Puerta de Toledo

The Puerta de Toledo is located at Glorieta de la Puerta de Toledo in the southwest of Madrid. This free-standing gate is 19 metres high and is comprised of three archways. The central arch is the tallest. It has a rounded semicircular arch and was the main gateway on the road towards the city of Toledo in past centuries. It is flanked by two smaller square lintelled gateways that have ornamental columns on either side.

It is a flamboyant structure made of granite that was started in 1812 under the Napoleonic government of Joseph Bonaparte. Construction was halted following the demise of the Napoleonic government, but re-started again under the rule of Fernando VII, successor to Joseph Bonaparte. It was finally completed in 1827. The present structure underwent major renovation in 1995.

The Puerta de Toledo does not follow the original Napoleonic design. Once Fernando VII gained the throne, Antonio López Aguado was commissioned to come up with a new design. He also chose to have it built in the new materials of granite and Colmenar stone.

The south-facing side of the gate, which looks towards Toledo, has a group of sculptures sitting on top of the central arch. They were created by Ramón Barba and Valeriano Salvatierra, and they represent the power in medieval times of the Spanish monarchy in both the northern and southern hemispheres.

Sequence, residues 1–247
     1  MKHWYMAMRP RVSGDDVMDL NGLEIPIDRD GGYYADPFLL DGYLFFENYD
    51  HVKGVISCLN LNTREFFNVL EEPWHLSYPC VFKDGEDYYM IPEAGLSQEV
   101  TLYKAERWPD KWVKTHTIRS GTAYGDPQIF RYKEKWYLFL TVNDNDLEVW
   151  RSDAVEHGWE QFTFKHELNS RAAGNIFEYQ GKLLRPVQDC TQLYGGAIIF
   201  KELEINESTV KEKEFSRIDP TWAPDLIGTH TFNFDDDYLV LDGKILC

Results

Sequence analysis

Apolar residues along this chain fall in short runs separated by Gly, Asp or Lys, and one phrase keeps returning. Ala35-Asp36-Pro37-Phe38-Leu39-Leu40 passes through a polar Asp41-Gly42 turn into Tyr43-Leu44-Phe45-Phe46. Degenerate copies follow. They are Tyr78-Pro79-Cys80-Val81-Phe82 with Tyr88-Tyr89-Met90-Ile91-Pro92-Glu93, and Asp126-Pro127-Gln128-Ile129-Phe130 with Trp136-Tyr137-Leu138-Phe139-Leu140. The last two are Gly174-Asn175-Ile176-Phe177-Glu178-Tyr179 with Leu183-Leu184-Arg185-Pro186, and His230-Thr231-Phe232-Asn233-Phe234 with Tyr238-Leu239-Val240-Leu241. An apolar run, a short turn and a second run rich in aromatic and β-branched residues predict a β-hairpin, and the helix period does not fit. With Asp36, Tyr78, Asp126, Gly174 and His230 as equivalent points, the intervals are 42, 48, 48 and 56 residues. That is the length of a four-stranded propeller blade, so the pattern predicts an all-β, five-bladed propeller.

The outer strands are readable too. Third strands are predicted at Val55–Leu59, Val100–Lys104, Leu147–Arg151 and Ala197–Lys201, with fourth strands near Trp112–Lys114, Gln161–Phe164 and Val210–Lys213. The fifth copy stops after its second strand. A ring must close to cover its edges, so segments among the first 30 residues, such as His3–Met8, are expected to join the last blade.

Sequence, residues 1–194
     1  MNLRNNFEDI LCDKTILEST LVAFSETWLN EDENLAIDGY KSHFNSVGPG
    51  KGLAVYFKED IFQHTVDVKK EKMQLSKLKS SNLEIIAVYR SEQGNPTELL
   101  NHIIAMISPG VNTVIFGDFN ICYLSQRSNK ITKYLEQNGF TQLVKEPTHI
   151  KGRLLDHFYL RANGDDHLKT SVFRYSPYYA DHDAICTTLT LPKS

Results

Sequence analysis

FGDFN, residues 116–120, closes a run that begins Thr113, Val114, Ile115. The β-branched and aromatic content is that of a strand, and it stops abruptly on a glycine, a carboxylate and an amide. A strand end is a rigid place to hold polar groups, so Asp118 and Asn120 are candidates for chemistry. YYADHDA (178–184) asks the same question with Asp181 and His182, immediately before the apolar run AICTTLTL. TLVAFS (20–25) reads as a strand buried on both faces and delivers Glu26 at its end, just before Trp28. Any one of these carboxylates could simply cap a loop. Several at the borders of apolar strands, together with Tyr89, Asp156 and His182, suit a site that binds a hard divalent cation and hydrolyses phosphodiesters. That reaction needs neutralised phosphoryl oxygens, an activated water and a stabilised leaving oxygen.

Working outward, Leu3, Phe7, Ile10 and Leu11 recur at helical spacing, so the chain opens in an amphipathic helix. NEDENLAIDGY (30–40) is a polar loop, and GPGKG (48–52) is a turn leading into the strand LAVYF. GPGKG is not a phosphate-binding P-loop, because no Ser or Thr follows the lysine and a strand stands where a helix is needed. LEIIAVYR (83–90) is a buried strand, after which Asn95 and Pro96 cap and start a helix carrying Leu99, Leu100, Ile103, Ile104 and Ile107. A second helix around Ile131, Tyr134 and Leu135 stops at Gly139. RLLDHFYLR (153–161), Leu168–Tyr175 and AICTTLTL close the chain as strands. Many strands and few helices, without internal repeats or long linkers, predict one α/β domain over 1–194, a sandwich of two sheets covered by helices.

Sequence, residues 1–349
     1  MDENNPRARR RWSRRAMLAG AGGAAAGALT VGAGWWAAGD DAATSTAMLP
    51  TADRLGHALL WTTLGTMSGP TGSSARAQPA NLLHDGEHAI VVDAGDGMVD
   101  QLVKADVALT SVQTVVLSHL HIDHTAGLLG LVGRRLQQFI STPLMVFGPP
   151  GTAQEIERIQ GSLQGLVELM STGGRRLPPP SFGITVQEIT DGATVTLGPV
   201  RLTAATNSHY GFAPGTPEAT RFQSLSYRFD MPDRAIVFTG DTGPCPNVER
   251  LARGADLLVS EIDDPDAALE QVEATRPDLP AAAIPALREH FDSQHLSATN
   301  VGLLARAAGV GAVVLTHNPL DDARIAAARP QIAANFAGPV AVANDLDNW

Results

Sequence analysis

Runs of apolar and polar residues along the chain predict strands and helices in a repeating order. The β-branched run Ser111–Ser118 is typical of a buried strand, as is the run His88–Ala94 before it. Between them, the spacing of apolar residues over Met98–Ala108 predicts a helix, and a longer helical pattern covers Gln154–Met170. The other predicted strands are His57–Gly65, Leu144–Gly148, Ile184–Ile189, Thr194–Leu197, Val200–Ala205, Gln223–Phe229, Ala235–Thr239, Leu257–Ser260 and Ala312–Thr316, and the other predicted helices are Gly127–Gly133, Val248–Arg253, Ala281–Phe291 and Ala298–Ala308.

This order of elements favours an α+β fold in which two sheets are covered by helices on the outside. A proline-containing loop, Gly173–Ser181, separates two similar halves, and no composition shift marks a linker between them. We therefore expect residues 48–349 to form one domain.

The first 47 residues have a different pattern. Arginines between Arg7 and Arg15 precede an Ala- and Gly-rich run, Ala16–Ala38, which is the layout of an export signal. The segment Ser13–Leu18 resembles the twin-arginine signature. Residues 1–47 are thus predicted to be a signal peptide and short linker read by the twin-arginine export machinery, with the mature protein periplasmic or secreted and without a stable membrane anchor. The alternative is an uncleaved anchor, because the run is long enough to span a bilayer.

On the north-facing side of the gate the emblem of the City of Madrid is held up by two angels. Each of the two arches on either side of the central arch is also adorned with sculptures. These are representations of various military victories of the era.

The present structure is not the only Puerta de Toledo that has stood in Madrid. The first one stood close by the Hospital de La Latina. It was demolished during the 16th century while Felipe II was on the throne so that it could be re-built at Calle de la Sierpe, a short distance to the north of the present site.

The Puerta de Toledo is the most recently built of all the monumental gates in Madrid. If you visit the antique and crafts dominated Puerta de Toledo Market to the east of the gate, want to see the nearby Rastro Flea Market, or if you go to the Vincente Calderon Stadium to watch Atletico Madrid play football, you will almost certainly pass by the prominent landmark that is Puerta de Toledo.

To get to Puerta de Toledo you can take the Metro on line 5, getting off at Puerta de Toledo station. Alternatively, you can take a bus; numbers 3, N3, 60, 17, 18, 23, 35 and 148 will all take you there.

Since this square has its own Metro station, the area has excellent communications and is a good place to stay. There are several good, cheap accommodation options around this area:-